December 15, 2006 Edition > Section: Sports > Printer-Friendly Version

Two Division Rivals Are Back From the Dead

December 15, 2006


Winning last week kept their playoff hopes alive, but the Giants' work is just beginning. This weekend they'll host a rejuvenated Eagles team that is much different from the one they faced in early September. Both clubs have overcome a rocky November and are playing good football, but in all probability, only one of them will make the playoffs. Sunday's game will likely determine which one that is.

(Sunday, 4:15 p.m., FOX)

WHEN THE GIANTS HAVE THE BALL Quarterback Eli Manning is back on track, having played what might be the best two games of his season in consecutive, must-win games. The key to his resurgence has been his ability to avoid turnovers. He's no longer trying to force passes into coverage or make throws when he's off-balance or getting hit.

Dropped passes are still a glaring problem for Giants receivers, and the team still hasn't found a good replacement for injured wideout Amani Toomer. When the Giants and Eagles met in September, Toomer had 12 catches for 137 yards and two touchdowns.

Clearly, though, if this team is going to win down the stretch they'll need to do it with their running game. Tiki Barber topped the 100-yard mark last week, the first time he'd done that in a month. He seems to have recovered from the thumb injury that limited him for several weeks.

Barber will be the key player in the Giants game plan, as they look to attack Philadelphia's porous run defense. Four of the Eagles last six opponents have rushed for 200 yards. Tackles Mike Patterson and Darwin Walker haven't been able to get good penetration, and teams have had success running right at them. The Eagles rank 29th overall in run defense.

When these two teams played last September, the Eagles sacked Manning eight times. That relentless Philadelphia pass rush has all but disappeared, especially since defensive end Jevon Kearse went on injured reserve. After registering a league-leading 23 sacks in their first five games, the Eagles have managed just eight sacks in their last eight games. Second-year pro Trent Cole has filled in for Kearse, but he often appears to be overmatched. Darren Howard, a big addition through free agency during the off-season has been disappointing, as has former first round pick Jerome McDougle.

The strength of the Eagles defense is their secondary that features hardhitting free safety Brian Dawkins and a pair of good cover cornerbacks, Lito Sheppard and Sheldon Brown. They haven't created a ton of turnovers, but the team ranks seventh in overall pass defense. At times they've simply smothered opponents, holding four of the last seven teams they have faced to less than 135 yards through the air.

WHEN THE EAGLES HAVE THE BALL It has been a tough season for the Eagles. They started off 41 before stumbling with three straight losses. Before they could get back on track, they lost quarterback Donovan McNabb for the season with a knee injury. Just when it looked like all was lost, the Eagles offense has pulled it together and helped the team jump back into the playoff race. After McNabb went down, veteran quarterback Jeff Garcia took over and looked like a superstar for the first time since he left San Francisco three years ago.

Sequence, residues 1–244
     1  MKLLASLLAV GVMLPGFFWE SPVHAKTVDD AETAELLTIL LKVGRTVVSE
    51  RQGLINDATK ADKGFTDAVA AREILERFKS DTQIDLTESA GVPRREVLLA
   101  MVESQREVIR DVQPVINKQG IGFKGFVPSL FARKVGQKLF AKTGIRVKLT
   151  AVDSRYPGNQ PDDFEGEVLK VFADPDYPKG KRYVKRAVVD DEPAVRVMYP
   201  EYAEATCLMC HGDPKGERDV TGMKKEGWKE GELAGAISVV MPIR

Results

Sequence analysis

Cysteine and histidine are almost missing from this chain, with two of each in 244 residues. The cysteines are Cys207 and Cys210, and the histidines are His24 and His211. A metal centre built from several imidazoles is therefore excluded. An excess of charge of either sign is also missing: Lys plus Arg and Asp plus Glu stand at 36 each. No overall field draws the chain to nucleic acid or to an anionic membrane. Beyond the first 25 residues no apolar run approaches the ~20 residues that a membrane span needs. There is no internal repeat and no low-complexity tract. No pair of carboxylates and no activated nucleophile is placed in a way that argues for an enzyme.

Since taking over, Garcia has thrown eight touchdown passes without an interception. He's still elusive in the pocket, able to avoid the pass rush, and willing to take off running if there are no other options. He's done a great job of getting the ball down the field to receivers Reggie Brown and Donte' Stallworth.

The central figure in Philadelphia's offense is still Brian Westbrook. He leads the team in rushing and receptions. The Eagles sometimes line him up in the slot or have him split out wide, but wherever he is, Westbrook always creates coverage problems for the defense. As a runner, his speed and quickness make him difficult to bring down in the open field. His only weakness is his lack of size. Correll Buckhalter gets the ball in short yardage situations.

For all the talk about the Giants needing Eli Manning to get back on track, their defense also needed to rebound from a series of poor performances. They did that in a big way last week, holding the Panthers to 45 rushing yards and forcing three turnovers. Most important, they played a strong second half, holding Carolina to just three points after half time.

The Giants have done a good job containing Westbrook on the ground in the past. In the last two games against Philadelphia, they've held him to 68 and 66 rushing yards. Where he can hurt them is on the quick outlet passes, catching a ball in the flat and bursting up the sideline for a quick gain. The pressure will be on outside linebackers Carlos Emmons and Brandon Short to keep Westbrook from breaking free.

KEYS TO THE GAME The Eagles have a playoff-caliber offense, capable of putting points on the scoreboard against any opponent. Their defense, on the other hand, is full of holes. For them to beat the Giants or anyone they need to get better play from their front seven. For Big Blue, the focus has to be on exploiting that weakness, establishing their running game and using Jeremy Shockey to help soften the defense with underneath routes.

Lahman's Pick: Giants 1710

December 15, 2006 Edition > Section: Sports > Printer-Friendly Version